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Over the past two years, we’ve been covering the state legislatures and executive officials taking aim at environmental, social and governance (ESG) investing and ramping up the pressure on companies that incorporate ESG factors into business decisions. Financial services companies have been watching carefully to see what’s next in the state pushback to ESG. And there’s been plenty to see this spring – state agencies have continued to be active in enforcing their laws against financial services companies while attorneys general challenge federal laws supportive of ESG efforts, with varying degrees of success.

No states have had more vigorous enforcement than Texas and West Virginia. In the Lone Star State, the Texas Permanent School Fund pulled $8.5 billion in assets from BlackRock, citing the 2021 state law that barred business between state agencies and financial firms determined to be boycotting energy companies. Not to be outdone, West Virginia added several more large banks to a list of institutions barred from engaging in certain state business because of their policies on energy finance. The list began in 2022 and contains many major financial institutions added by the state’s treasurer.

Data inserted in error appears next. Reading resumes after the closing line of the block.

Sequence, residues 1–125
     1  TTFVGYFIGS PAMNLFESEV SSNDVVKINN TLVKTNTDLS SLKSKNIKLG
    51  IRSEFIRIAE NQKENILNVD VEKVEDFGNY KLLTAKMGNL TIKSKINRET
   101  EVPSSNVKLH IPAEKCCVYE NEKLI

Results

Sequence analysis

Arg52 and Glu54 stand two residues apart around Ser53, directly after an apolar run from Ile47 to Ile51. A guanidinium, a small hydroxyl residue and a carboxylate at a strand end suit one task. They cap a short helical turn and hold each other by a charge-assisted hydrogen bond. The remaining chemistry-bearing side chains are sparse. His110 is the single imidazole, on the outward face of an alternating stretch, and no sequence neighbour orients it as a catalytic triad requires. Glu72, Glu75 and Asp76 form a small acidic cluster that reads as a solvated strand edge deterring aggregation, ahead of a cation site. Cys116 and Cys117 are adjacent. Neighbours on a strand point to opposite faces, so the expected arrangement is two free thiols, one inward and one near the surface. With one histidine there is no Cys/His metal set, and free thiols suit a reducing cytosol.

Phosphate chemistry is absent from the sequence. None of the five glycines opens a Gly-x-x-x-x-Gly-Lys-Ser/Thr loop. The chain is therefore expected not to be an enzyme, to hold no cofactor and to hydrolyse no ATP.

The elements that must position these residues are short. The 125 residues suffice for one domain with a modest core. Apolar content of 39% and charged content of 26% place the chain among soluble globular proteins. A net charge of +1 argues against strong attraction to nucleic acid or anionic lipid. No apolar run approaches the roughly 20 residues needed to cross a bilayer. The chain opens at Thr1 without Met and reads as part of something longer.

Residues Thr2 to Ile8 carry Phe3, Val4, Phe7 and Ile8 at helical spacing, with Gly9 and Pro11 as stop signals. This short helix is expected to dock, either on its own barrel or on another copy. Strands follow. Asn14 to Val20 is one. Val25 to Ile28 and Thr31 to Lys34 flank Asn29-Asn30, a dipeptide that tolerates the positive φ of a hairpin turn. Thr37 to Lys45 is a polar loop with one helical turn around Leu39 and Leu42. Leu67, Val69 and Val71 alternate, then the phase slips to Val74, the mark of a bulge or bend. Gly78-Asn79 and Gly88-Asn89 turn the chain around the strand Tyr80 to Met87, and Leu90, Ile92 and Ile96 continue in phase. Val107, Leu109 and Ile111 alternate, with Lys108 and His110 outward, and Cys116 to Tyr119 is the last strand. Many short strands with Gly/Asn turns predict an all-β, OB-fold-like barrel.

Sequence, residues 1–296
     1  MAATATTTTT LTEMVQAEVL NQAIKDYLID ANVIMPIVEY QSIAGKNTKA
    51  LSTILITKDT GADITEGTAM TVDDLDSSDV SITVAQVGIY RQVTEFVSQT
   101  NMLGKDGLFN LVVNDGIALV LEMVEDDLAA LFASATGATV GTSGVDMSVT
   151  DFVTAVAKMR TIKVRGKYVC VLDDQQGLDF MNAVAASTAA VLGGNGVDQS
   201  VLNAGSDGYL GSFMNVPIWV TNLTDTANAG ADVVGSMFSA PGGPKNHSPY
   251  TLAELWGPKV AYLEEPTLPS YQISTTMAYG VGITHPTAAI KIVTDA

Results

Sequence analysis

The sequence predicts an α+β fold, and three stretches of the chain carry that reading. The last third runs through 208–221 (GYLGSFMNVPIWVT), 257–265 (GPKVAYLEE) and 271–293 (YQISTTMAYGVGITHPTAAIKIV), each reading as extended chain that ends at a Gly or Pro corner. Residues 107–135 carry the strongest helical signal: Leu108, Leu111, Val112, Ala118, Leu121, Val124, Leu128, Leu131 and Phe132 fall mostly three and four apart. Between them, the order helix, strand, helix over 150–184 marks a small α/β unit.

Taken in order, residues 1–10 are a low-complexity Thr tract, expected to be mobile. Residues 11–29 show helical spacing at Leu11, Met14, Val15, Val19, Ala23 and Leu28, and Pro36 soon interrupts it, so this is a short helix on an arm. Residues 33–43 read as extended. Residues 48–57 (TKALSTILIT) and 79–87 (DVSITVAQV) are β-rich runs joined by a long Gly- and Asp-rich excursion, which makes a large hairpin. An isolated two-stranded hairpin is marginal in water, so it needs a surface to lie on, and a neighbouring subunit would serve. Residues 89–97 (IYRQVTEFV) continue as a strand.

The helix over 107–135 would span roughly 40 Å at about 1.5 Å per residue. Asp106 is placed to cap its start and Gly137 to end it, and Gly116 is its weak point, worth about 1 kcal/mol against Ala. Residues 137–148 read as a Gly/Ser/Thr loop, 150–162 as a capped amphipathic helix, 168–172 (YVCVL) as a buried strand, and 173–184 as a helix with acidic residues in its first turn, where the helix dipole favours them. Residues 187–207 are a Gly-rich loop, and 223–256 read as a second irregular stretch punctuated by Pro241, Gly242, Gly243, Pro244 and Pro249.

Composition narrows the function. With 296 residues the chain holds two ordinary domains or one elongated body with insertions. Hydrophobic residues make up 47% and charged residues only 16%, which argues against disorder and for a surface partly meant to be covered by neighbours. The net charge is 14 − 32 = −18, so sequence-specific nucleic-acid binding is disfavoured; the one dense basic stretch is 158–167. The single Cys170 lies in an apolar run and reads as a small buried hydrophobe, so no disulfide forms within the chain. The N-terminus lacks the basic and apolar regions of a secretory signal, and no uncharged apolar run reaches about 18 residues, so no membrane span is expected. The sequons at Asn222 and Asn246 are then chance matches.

Not only have states been enforcing their own anti-ESG legislation, but they also have pursued challenges to federal efforts to encourage ESG. The Fifth Circuit recently dismissed a challenge by the attorney generals of Texas, Louisiana, Utah, and West Virginia to a 2022 Securities and Exchange Commission rule altering proxy voting requirements to make it easier for investors to identify ESG issues on corporate ballots. In a unanimous decision, the Fifth Circuit held that the states could not show a risk of harm and so lacked standing to challenge the rule. While this particular battle may not have direct relevance for many financial services companies, the willingness of states to pursue federal litigation on this issue demonstrates the intensity of their opposition to ESG policies.

ESG issues may remain in flux, but one thing remains clear: Financial institutions must remain diligent to ensure their policies and practices comply with diverse, and often clashing, requirements imposed by legislatures and regulators at both the federal and state levels. The controversy over ESG does not look to be going away anytime soon.